Charred plant remains, 19,000 years old, were uncovered at Ohalo II on the shore of the Sea of Galilee, Israel. The wild barley and other edible grasses and fruits found suggest, by their ripening seasons, that the site was occupied at least during spring and autumn. The species found provide insights into the subsistence strategy of the earliest known hunter-gatherer community of the Levantine Epipaleolithic period. In addition, the remains of barley rachis nodes provide new evidence distinguishing between domesticated and wild types in ancient archaeobotanical material.
|Number of pages||6|
|Journal||Review of Palaeobotany and Palynology|
|State||Published - 30 Sep 1992|
Bibliographical noteFunding Information:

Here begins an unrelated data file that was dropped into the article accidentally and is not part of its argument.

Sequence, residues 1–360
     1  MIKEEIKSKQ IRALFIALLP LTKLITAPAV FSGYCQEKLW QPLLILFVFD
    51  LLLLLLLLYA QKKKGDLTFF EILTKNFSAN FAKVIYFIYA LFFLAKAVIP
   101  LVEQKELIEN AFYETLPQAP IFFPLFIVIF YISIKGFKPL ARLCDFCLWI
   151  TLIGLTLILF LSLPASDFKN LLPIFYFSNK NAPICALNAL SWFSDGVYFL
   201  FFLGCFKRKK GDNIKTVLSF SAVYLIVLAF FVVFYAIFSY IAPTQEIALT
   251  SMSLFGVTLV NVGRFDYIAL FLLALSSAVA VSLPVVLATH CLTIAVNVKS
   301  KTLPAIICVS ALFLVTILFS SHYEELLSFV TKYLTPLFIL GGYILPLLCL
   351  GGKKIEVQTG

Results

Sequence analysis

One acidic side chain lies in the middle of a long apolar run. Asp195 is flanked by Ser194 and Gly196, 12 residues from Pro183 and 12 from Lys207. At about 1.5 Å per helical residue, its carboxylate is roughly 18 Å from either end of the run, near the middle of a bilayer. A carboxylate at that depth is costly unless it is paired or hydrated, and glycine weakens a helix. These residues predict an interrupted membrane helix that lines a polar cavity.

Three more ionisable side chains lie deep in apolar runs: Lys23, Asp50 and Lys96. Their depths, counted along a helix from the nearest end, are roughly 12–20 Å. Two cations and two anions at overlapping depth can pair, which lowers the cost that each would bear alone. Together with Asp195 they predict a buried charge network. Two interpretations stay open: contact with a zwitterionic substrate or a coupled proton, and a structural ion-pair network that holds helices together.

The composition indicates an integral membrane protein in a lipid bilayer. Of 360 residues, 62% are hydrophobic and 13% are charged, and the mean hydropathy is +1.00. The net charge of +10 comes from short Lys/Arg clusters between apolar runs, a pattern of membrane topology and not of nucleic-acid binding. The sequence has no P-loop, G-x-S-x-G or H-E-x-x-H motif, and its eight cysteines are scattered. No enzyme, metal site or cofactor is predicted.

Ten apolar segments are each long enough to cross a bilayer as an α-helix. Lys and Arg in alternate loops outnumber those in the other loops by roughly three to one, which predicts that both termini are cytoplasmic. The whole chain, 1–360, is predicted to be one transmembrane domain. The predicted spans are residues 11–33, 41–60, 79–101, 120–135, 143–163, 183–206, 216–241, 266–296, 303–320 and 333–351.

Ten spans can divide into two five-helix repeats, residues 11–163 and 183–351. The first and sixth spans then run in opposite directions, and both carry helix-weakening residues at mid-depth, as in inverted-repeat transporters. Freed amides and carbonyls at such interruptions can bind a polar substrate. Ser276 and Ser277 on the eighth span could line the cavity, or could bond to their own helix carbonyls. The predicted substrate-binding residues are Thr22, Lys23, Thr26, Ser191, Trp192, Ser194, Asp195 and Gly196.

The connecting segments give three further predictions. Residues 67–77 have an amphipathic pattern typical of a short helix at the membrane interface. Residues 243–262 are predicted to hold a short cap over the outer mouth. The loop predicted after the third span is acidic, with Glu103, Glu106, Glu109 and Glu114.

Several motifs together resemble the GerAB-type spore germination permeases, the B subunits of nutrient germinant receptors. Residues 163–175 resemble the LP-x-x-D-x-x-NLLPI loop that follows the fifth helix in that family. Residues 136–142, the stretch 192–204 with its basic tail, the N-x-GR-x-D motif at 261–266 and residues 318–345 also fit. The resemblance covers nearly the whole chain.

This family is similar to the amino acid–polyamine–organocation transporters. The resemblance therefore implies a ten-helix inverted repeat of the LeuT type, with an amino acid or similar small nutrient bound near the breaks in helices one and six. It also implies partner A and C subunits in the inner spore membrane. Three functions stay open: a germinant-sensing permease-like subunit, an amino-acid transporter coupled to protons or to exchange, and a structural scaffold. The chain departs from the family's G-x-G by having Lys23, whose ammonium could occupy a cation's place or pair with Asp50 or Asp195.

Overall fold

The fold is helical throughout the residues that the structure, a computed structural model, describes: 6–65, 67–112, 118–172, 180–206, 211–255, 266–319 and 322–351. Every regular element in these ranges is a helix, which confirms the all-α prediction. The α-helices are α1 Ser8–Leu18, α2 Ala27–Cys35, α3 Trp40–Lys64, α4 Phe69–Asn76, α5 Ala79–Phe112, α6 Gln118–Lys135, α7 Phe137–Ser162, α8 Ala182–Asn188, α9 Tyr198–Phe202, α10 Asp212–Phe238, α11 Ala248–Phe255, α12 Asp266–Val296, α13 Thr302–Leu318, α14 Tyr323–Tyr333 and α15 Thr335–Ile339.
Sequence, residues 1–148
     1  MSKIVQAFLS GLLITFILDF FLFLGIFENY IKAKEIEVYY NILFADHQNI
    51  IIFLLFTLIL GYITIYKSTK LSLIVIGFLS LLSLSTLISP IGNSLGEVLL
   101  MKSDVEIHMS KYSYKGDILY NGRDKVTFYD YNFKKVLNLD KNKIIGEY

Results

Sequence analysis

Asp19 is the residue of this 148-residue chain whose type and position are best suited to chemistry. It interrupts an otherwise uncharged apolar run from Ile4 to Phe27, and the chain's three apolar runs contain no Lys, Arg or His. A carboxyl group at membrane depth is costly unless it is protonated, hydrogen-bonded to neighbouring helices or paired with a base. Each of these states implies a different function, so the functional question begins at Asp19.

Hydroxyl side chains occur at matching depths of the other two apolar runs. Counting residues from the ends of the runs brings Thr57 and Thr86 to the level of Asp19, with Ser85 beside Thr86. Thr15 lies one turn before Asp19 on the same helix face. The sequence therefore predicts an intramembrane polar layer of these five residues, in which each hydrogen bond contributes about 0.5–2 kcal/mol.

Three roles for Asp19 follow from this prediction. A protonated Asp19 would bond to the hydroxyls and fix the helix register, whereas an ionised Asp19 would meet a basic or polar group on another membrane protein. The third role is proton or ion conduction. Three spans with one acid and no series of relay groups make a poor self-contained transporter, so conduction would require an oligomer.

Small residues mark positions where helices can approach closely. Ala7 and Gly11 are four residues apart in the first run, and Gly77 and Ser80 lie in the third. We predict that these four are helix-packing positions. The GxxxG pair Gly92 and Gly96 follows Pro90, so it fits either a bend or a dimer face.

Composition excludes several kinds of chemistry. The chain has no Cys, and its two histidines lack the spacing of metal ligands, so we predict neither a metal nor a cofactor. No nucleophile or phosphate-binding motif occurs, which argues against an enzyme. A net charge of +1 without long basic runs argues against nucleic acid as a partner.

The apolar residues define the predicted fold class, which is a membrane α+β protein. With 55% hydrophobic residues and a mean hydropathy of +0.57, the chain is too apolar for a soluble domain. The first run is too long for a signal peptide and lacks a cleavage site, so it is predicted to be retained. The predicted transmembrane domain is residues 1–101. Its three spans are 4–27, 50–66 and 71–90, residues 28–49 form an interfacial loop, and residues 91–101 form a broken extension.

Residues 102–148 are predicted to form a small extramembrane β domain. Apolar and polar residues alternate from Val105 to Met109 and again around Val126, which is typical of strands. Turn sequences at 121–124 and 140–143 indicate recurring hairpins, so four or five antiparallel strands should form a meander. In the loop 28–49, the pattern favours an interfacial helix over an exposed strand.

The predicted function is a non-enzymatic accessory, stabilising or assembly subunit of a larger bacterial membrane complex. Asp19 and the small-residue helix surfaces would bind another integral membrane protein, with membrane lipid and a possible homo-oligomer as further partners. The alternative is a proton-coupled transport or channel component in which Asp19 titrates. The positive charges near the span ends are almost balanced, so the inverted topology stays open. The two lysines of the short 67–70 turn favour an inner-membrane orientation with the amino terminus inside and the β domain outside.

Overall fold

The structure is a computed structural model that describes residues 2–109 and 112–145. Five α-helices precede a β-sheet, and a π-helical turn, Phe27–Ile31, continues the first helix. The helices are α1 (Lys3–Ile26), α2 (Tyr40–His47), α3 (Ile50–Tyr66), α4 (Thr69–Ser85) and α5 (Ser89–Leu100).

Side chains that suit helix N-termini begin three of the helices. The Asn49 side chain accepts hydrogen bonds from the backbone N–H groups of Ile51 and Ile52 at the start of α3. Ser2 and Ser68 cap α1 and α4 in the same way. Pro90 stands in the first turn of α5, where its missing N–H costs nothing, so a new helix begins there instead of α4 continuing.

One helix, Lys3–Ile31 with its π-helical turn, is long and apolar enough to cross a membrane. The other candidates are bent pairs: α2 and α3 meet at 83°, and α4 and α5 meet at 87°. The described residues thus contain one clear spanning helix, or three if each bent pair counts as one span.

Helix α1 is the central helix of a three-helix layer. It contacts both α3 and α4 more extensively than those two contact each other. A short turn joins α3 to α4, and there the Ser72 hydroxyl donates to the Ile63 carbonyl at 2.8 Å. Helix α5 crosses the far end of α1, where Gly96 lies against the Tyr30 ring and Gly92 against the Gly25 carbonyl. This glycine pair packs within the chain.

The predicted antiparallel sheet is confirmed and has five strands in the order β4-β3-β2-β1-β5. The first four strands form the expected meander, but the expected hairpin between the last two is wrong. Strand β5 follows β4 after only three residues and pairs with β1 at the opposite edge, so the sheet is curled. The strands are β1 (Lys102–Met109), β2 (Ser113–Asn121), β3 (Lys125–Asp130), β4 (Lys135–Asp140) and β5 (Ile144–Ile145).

Field work and preliminary analysis were supported by the Israel Antiquities Authority, the Irene Levi Sala CARE Archaeological Foundation and the L.S.B. Leaky Foundation. The authors are grateful to Dr. A. Belfer-Cohen and E. Hovers, The Hebrew University of Jerusalem, Dr. A. Gopher, Tel-Aviv University, Dr. M. Hopf, Mainz, Germany, and Dr. G.C. Hillman, The Institute of Archaeology, London, for their critical reading of the manuscript and their valuable remarks; to M. Marmorshtein and E. Silber for their technical assistance; and to Y. Langsam and T. Ankar for preparing the micrographs.